I also read that you said you were drawn to the story because of its potential to help us think more deeply about what it means to live in this digital age. How do these two things combine for you, and what do you think it means for us to live in this digital age?

I think there’s a feeling that the internet isn’t real life, but as we live our lives increasingly online, it’s becoming real life.

I mean, it’s becoming something that profoundly affects us, and we can see that certainly in this story, in particular through the stories of the sleuths, but the whole story, right?

This guy who wanted to be anonymous and whose goal was to disappear became a folk hero who really impacted people. I think we’re past the point where we can say the internet isn’t real life. The internet is real life.

That means we have to think really hard about how we conduct ourselves there because people are willing to say things they would not say to a person on the street.

People are willing to make assumptions about people that they would not make in a bar, coffee shop, church, school, or workplace. It’s something that concerns me. I think the internet has a tendency, especially social media, to become an outrage machine.

Whatever outrages you the most, whatever is the most controversial gets the most clicks or the most views, or whatever you covet gets the most clicks or the most views.

As the internet becomes real life, I think we have to ask ourselves whether we want to be motivated by those base instincts and reactions or whether we need to think a little more critically about how we behave, how we treat each other, and how we see each other online.

That, to me, is connected. The story is about people wrestling with that. The story is about the assumptions they made and the struggles they went through, and how that online pretend digital space really affected them.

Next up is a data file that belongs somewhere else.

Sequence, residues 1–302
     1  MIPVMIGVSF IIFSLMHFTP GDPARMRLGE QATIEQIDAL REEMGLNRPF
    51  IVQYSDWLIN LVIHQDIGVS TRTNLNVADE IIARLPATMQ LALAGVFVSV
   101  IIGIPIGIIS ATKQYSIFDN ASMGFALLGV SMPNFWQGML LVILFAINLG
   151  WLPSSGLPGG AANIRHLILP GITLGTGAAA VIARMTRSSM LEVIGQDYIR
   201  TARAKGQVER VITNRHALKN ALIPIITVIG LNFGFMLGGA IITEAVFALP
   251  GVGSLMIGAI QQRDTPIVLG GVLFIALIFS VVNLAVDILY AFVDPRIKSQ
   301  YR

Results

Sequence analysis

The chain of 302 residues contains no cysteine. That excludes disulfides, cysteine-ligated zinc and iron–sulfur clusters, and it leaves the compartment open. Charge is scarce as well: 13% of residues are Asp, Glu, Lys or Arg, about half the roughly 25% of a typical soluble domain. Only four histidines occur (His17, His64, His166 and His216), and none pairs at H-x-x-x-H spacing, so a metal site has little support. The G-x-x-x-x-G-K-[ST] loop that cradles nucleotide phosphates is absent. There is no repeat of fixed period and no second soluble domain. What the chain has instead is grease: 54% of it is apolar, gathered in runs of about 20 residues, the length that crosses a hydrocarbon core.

I think a lot of the people in this story are people, not everybody, but I think a lot of them are people who might be dismissed socially either because of their proximity to the internet or because of any one of a number of details about them.

They might be people who are dismissed or looked down on. It was important to me to show that they’re not people who should be dismissed or looked down on, that they’re really complete, complex individuals, and that they’re more interesting than a lot of the shiny, happy people I know.

What you just said reminds me that in real life, people may dismiss the sleuths for many reasons. They may think they’re kooky because of the time they spend on the internet, or they may not have the same education as they do, or their jobs may not be the premier jobs.

The internet becomes a great equalizer because you can’t see all of that information when conversations begin. You can be who you want to be without all that extra baggage, for good or for bad.

For good or for bad for sure, I think sleuthing, in particular, is a way to get some agency. It’s a way where if you live in a world that’s told you you’re not shit, if you live in that world, you can go online, and you can do something.

If you wanted to be a detective and the world thwarted you from that goal for this, that, and the other, you can be a detective online. You can go help solve a case. You can make somebody’s life better, and there is a great equalizer element to it.